In a total reward ethos, perks need regular repackaging and with money not always the main driver, intangible benefits need to be highlighted, says Laverne Hadaway
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Despite being a concept that dates back to the 1960s, total reward has attracted a great deal of attention as of late. Technology has arguably brought fresh life to the concept, enabling employers to communicate the true value of benefits packages to employees through total reward statements made available online.
But experts say that if the concept is to continue to create the buzz it has done in recent months then it will have to be continually refreshed.
Dr Bruce Thompson, senior lecturer in reward at Middlesex University Business School, says: "It’s not actually a new concept. It just needs to be repackaged every now and then because financial reward has a limited lifespan."
Although the term total reward can mean different things to different people, it generally brings together four main facets: financial rewards, such as salary and bonuses; employee benefits such as pensions and holidays; intangibles such as the work environment, career development and learning opportunities; and the communication of these benefits.
Thompson says that employees can become jaundiced about its implementation and often feel pushed into it too quickly. "You can do anything provided you consult properly. But implementation has [historically] been so poor and so often schemes have had to be relaunched." He points out that only 12% of organisations have consulted their employees about changes to their reward system.
Dr Lynn Thurloway, lead tutor in organisational behaviour and HR management at Henley Management College, agrees that employees have become more cynical about total reward since the concept was introduced in the 1960s with the dual realisation that intangible benefits need to be highlighted to staff and money is not always the main driver in the workplace. "People are much more cynical today, so total reward depends on its implementation. It needs to be seen as an integral part of the human resources strategy. It can’t be seen as a magic solution and it must be tailored to the company’s needs. Sometimes, it can become so complex that the employer cannot work out what is important," she adds. If a scheme is integrated well with a company’s strategy and values, she suggests it can be a good way to change the idea of what people work for.
Colin Evans, group reward manager at BT, believes that total reward statements can play a part in this process by helping to explain the total employment package to employees. Thompson also applauds the use of total reward statements arguing that they put a financial value on the perks that employees enjoy. "People don’t know how much their pensions are worth. Ideally, such benefits should be low cost to the employer and of high value to the employee. All too often, it’s the other way round," he says.
Although pensions are simply part of the benefits aspect of total reward, their peculiar issues and problems cause them to stand out. Thompson argues that the public sector does not do enough to publicise the value of the pension package on offer as part of total reward. But even the private sector may have to reconsider its approach in order to reflect the pensions changes and the move away from final salary to money purchase schemes. "Should total reward levels be reviewed differently because of the type of pension provided to an individual or can differences be ignored as historic, as each employee accepted their particular pension arrangements when they decided to join the company?" queries BT’s Evans.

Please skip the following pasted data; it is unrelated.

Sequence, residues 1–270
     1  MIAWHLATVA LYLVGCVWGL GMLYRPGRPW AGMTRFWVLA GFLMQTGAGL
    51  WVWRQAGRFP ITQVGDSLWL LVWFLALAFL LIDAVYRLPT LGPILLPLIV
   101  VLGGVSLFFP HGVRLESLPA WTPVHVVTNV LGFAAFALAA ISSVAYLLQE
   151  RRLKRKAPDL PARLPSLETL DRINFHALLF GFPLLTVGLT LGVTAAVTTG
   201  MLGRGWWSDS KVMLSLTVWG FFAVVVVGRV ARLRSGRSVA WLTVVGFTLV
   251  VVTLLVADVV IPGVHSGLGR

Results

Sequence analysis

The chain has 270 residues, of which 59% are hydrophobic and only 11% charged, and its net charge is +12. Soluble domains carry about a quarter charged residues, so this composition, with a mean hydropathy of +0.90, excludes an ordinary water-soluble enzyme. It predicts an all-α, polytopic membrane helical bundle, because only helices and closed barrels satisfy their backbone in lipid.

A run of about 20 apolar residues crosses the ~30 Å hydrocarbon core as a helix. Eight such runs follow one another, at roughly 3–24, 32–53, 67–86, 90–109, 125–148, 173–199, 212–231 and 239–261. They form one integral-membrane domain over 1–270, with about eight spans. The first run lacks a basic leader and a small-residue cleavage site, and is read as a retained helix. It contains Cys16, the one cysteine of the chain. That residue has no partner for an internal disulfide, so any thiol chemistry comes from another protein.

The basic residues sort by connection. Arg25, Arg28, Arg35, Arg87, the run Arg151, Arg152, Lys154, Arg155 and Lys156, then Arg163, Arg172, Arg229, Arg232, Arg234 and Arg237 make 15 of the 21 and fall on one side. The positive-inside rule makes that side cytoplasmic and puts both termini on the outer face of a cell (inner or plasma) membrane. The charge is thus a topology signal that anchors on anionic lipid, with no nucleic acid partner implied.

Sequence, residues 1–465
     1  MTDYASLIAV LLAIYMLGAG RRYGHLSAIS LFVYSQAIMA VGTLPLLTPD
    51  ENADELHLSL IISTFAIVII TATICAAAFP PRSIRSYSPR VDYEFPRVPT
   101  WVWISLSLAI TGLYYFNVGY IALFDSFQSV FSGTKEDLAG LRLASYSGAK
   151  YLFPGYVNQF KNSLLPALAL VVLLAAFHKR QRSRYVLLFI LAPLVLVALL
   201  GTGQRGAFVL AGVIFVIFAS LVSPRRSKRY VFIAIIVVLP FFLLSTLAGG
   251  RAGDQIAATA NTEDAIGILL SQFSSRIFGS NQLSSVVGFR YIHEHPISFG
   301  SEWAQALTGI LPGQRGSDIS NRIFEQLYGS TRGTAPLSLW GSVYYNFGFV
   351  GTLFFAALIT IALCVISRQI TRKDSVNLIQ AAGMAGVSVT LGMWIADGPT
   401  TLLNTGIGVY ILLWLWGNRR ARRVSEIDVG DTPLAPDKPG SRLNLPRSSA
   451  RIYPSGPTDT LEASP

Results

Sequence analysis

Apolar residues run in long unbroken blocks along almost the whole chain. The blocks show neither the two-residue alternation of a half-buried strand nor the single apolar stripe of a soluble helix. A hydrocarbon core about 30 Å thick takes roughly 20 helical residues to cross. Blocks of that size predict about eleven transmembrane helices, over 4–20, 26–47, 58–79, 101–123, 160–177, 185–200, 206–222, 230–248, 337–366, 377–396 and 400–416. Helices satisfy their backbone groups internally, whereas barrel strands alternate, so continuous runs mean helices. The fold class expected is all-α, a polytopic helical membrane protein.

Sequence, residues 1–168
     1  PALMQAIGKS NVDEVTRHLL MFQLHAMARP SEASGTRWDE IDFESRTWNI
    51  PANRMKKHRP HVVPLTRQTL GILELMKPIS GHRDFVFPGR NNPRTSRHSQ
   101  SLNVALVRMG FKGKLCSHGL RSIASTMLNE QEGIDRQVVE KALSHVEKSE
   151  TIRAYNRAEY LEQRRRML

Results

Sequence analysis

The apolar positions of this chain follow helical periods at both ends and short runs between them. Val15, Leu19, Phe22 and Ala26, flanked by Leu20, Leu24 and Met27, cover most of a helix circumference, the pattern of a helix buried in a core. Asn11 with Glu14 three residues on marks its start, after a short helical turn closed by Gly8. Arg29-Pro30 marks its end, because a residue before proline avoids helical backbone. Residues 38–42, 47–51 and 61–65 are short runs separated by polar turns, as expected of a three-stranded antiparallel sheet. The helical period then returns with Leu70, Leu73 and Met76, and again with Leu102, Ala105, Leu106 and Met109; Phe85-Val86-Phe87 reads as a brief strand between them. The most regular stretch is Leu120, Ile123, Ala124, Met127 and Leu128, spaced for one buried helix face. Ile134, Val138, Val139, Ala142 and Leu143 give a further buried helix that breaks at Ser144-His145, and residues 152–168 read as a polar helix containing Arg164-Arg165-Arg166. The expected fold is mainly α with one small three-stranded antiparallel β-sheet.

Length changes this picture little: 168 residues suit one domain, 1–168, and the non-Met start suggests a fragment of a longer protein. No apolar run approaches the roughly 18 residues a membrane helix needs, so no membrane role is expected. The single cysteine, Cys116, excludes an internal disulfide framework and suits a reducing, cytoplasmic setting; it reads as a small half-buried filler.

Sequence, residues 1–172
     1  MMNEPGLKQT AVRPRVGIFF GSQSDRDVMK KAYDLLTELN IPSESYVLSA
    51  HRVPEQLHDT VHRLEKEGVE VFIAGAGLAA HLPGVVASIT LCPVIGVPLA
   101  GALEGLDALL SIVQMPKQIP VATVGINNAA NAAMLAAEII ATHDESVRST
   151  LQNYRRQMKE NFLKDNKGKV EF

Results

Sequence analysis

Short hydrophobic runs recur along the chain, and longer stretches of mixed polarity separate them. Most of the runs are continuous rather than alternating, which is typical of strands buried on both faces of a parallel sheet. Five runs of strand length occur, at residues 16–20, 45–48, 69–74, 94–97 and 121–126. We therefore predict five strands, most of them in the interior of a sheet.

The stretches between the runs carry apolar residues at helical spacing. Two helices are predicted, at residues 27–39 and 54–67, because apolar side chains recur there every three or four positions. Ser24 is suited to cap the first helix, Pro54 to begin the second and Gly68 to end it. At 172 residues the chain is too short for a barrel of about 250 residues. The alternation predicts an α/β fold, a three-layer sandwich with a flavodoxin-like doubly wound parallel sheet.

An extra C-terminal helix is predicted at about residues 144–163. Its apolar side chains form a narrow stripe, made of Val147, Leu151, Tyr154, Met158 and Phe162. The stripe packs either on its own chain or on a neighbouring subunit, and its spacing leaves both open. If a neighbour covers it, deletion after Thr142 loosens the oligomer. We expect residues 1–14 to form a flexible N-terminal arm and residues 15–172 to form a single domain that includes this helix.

Thurloway believes staff are being softened up to work longer and that pensions are likely to recede into the background pushing other aspects of total reward to the fore in the future, such as employee development, learning and training.
Whatever changes take place, she adds employers will still turn to total reward where they are committed to investing in their people to reap a competitive advantage or where they are going through an organisational restructure because the concept allows packages to be tailored towards different groups of people.
Other industry experts are generally optimistic about the future of total reward. "Total reward will develop in terms of communication and more companies will want to inform their employees of what’s on offer," says Evans.
Thompson has a similar perspective: "I think there’s a better understanding of the need to get the non-financial side of things right. Companies are more aware." He also points out that the success of total reward can depend on the economic health and wellbeing of the firm and even the country. Possible redundancies, for example, can make it difficult to launch a total reward scheme. But Thurloway admits that not every organisation will get it right. "Some organisations won’t do the hard work required to tailor total reward. Ultimately, it depends on the value the employer places on employees. So many organisations say that they value them, but don’t do anything to show it," she says.
Where those employers are already working hard to incorporate total reward into their structure, they theoretically stand to reap the benefit in the future from a committed workforce.